“Bonne Année!” “Feliz Año Nuevo! “Godt Nyttår!” No matter what language you say it in, “Happy New Year” sounds even sweeter with the distinct “POP” of bubbly being opened in the background. For eons, humans have naturally associated sparkling wines with celebration, and you only need try one to understand why –nothing captures the joy of good company and good food quite like a sparkling wine. Their bright effervescence lends a bubbling airiness that’s impossible to replicate and is infectious in its joviality. We associate sparkling wines like Champagne and Prosecco with holidays and other happy occasions because that is how they make us feel: happy!
The most easily recognized types of sparkling wine are French Champagne and Italian Prosecco, but those are actually region-specific wines and technically (with a few exceptions) can’t be made outside those regions. Sparkling wines can be grouped based on region, production method, and style, but it’s not as complicated as it sounds.
Let’s get the basics of Sparkling Wine covered here.
Sparkling wines can be made in any wine producing region, but most of the sparkling wines we feature come from California, Italy, France, and Spain.
There are three primary methods used to produce sparkling wine: methode champenoise , ancestrale, and Charmat. All three methods start with high-acid, still base wine, and all three involve the addition of yeast and sugar to jumpstart fermentation and the formation of bubbles. From there, they diverge in three directions. Wines made using méthode champenoise will continue to age in their bottle until the yeasts fermenting them die off completely; at this point, they are kept at a sharp angle and regularly turned (called riddling) to move the dead yeast into the neck of the bottle. Finally, the yeast is disgorged (read: fired out of the bottle like a tiny cannon ball) and a small amount of sugar is added to the bottle before it’s corked, known as dosage. At the same time, in the less common méthode ancestrale, wine is fermented first in barrels and then in bottles, requiring very specific timing on the part of the winemaker. The goal is to preserve enough sugar and live yeasts that the wine is able to finish fermenting in the bottle but not so much that the bottle actually explodes; this method is the oldest of the three, and only a handful of sparkling wines are still produced this way today. Finally, the Charmet, or Bulk, is the newest of the three methods: wines are aged in a steel tank with sugars and yeast, which are eventually filtered out of the final product. This allows for large scale production of fresh-tasting, fruit-forward wines like Prosecco or less expensive domestic sparkling wines. The bubbles in these wines are typically larger than those made in the methode champenoise.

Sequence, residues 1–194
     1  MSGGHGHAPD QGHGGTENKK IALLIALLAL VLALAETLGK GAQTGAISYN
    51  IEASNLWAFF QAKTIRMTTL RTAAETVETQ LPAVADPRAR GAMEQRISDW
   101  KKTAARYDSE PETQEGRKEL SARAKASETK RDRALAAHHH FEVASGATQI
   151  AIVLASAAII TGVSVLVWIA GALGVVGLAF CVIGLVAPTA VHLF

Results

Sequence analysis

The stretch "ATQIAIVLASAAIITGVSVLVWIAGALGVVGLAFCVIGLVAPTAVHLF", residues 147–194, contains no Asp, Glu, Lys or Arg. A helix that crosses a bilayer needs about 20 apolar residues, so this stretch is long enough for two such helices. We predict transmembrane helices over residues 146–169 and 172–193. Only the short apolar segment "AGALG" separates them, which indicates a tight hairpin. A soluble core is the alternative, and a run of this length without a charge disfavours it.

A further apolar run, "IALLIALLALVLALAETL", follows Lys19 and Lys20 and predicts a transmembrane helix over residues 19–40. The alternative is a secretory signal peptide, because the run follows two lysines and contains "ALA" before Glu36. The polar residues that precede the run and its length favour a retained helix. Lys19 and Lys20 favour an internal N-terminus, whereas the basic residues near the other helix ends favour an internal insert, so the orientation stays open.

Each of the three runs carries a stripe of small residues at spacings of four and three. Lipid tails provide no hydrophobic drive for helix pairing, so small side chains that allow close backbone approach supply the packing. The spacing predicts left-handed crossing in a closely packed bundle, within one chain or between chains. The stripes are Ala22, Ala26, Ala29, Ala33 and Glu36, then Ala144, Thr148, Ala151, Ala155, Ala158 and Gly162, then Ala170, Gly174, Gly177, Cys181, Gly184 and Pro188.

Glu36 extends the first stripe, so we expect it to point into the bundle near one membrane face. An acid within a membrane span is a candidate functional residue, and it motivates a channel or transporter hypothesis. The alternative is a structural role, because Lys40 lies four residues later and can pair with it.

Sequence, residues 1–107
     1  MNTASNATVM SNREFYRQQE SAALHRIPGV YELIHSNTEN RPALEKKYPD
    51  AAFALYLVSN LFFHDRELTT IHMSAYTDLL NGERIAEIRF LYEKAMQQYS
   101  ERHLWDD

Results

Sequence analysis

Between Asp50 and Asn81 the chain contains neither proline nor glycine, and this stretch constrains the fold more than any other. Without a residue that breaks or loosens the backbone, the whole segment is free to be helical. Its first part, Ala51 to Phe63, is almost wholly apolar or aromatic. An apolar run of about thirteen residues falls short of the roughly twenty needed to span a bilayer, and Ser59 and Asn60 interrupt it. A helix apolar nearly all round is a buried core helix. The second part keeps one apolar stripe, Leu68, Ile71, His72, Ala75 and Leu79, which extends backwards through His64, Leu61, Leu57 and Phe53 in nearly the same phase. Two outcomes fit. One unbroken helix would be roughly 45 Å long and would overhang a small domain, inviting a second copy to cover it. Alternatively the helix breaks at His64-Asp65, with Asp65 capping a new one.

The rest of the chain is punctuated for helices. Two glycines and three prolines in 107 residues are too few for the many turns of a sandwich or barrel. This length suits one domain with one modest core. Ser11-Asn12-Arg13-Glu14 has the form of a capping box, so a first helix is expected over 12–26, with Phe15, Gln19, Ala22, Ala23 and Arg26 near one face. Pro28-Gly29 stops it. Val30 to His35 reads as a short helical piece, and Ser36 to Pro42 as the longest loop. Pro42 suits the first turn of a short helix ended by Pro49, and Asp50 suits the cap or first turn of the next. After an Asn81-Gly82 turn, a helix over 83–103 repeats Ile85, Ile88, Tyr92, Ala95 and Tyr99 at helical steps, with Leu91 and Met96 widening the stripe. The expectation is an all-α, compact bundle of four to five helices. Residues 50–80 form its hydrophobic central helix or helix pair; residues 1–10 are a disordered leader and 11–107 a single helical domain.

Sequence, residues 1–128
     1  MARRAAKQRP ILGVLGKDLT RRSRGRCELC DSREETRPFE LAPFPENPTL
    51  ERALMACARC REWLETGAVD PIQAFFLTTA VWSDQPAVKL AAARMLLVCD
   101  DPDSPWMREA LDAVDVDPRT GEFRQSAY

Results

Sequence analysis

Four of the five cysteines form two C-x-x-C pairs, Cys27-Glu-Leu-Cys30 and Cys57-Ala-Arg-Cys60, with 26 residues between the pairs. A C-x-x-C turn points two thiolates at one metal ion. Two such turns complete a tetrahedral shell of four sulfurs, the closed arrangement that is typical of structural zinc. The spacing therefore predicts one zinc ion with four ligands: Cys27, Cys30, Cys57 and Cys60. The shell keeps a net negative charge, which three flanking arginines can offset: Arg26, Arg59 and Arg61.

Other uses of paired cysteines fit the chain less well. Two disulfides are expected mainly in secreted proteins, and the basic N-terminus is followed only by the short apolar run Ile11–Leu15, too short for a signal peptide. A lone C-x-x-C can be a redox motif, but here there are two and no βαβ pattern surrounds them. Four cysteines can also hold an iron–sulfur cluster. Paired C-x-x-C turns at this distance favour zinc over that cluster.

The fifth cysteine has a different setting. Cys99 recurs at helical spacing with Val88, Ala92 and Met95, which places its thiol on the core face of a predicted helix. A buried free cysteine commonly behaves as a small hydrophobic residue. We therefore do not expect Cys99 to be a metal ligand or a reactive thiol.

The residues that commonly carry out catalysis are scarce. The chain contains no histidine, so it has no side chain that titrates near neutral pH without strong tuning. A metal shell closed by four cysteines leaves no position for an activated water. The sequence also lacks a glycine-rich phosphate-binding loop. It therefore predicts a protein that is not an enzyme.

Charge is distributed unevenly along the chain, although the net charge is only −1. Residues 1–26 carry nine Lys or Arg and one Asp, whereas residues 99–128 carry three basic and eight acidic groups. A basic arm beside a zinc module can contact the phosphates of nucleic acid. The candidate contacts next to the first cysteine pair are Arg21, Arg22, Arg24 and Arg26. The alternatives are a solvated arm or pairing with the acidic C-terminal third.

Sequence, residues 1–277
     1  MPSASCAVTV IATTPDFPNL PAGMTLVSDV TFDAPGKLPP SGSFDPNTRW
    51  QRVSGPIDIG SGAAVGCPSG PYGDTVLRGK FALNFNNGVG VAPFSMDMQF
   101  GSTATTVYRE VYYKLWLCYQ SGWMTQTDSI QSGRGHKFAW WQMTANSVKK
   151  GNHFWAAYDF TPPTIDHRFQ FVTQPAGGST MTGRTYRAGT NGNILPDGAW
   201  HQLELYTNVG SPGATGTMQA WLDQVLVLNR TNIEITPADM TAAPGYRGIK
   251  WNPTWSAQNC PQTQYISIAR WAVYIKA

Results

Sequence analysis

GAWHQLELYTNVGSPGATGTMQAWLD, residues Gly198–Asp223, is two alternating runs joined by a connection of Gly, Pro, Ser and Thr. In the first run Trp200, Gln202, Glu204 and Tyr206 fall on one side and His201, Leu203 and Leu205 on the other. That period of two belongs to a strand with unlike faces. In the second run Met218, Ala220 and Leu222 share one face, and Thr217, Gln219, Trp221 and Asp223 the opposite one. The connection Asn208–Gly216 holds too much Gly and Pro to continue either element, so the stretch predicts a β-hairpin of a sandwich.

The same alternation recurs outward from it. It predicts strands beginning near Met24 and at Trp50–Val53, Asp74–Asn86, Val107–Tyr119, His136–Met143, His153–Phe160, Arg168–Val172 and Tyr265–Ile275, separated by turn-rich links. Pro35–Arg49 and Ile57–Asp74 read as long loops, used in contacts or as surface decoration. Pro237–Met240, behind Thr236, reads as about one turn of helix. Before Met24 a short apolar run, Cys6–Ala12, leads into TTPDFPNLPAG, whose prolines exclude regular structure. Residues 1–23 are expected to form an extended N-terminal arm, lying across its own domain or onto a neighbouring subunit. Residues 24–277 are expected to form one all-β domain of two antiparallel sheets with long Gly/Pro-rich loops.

If you are curious, you can usually find the method of production noted somewhere on the label. You will find that finer wines are generally produced using methode champenoise, while wines made using the Bulk or Charmat method tend to be less expensive and designed for casual enjoyment.